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Photographer: Michael Ciaglo/Getty Images
President Donald Trump’s bid for a second term in office is giving Vice President Mike Pence an early edge in the race that’s already shaping up for the Republican nomination in 2024.
Pence has lately been a mainstay at Trump’s signature campaign rallies, seldom missing the opportunity to introduce the president while test-driving a few crowd-pleasing lines of his own. The vice president has his own political action committee and has been steadily expanding his travel as a surrogate for Trump, with a particular focus on Michigan, Wisconsin and Pennsylvania.
He’s scheduled to embark on a bus tour through Michigan on Tuesday without the president, who’s in India. It will include a speech to supporters in a hotel ballroom — a sort of mini-rally.
People in and around the White House believe it’s a foregone conclusion that Pence will seek to succeed Trump. But he hasn’t firmly decided, and his nomination, let alone his election, are much less certain.
“He’s entirely focused on re-electing Donald Trump in 2020,” said Pence’s chief of staff, Marc Short.
While 14 U.S. vice presidents have ascended to the White House, eight of them got there thanks to the death of the leader they served. Pence’s chances in 2024 would be undercut by a Trump loss this year; for better or worse, his loyalty to Trump binds him to the president.
“There’s no question that would be something Mike Pence would want to do; the question is where the Republican Party will be by the time he has the opportunity,” said Andrea Neal, author of “Pence: The Path to Power.” Some of Pence’s sixth-grade classmates recall him saying he wanted to be president, she said.
Taking the stage after the vice president at a rally last week in Colorado Springs, Colorado, Trump thanked Pence for the introduction.
“I heard he gave a great speech. I never want it to be too good. I never want it to be too good,” Trump said, wagging his finger. “I said ‘Mike, take it easy. It can’t be too good.’ Mike is great.”
Trump knows Pence is ramping up for a potential bid in 2024 and doesn’t mind, officials said.
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During a trip to South Carolina earlier this month — a state that’s considered safe for Trump in 2020 — Pence met privately with Walter Whetsell, a political consultant he knows from his time in Congress, said a person familiar with the matter. Whetsell couldn’t be reached for comment.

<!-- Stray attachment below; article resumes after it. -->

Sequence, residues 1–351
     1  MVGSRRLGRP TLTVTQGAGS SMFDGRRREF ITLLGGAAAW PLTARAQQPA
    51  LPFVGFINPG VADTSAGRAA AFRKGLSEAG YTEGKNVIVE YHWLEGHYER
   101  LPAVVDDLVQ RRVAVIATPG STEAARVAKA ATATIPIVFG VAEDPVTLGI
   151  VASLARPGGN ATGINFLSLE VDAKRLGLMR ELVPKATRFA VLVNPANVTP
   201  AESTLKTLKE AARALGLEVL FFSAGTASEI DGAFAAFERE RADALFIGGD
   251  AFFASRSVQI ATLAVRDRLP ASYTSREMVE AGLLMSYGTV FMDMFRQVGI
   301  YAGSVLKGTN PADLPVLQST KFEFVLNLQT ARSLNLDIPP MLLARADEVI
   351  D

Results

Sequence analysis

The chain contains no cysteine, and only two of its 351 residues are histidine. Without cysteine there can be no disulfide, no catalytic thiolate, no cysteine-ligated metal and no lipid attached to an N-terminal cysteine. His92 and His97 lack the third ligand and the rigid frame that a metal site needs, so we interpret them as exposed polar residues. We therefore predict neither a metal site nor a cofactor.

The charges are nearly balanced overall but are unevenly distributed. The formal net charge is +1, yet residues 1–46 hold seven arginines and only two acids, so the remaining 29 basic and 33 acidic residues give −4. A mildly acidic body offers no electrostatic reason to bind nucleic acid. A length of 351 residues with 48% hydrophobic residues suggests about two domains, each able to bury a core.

Pence’s remarks introducing the president at a rally in Las Vegas on Friday were littered with nods toward Trump slogans — “Make America Great Again,” “Keep America Great,” and “Build That Wall.” But he also repeatedly used a word uncommon to Trump: “faith.”
A staunchly pro-life Christian and conservative, Pence has bedrock support among evangelicals and other pillars of the Trump base. But a wide-open Republican field is expected to take shape in 2024, regardless of who wins this year, probably featuring former Trump administration officials and a crop of recently elected and ambitious Republican lawmakers.
Former UN ambassador Nikki Haley and Secretary of State Michael Pompeo are seen as almost-certain candidates; other possibilities mentioned by Republican strategists include Senators Rick Scott of Florida, Tom Cotton of Arkansas, and Josh Hawley of Missouri, as well as the governors of Texas and Florida, Greg Abbott and Ron DeSantis, and former New Jersey Governor Chris Christie.
“The constituency that he has sewed up may not be big enough for him to win the party’s nomination on his own,” Neal said of Pence.
Inside the administration, Pence, 60, is know for his unfailing loyalty to Trump. The vice president is wary of saying anything publicly that could be interpreted as criticism, and is steadfast in quoting the president’s own statements on thornier subjects. The two speak almost daily, often privately. Any advice or suggestions Pence might have for the president are delivered only in those private exchanges, aides say.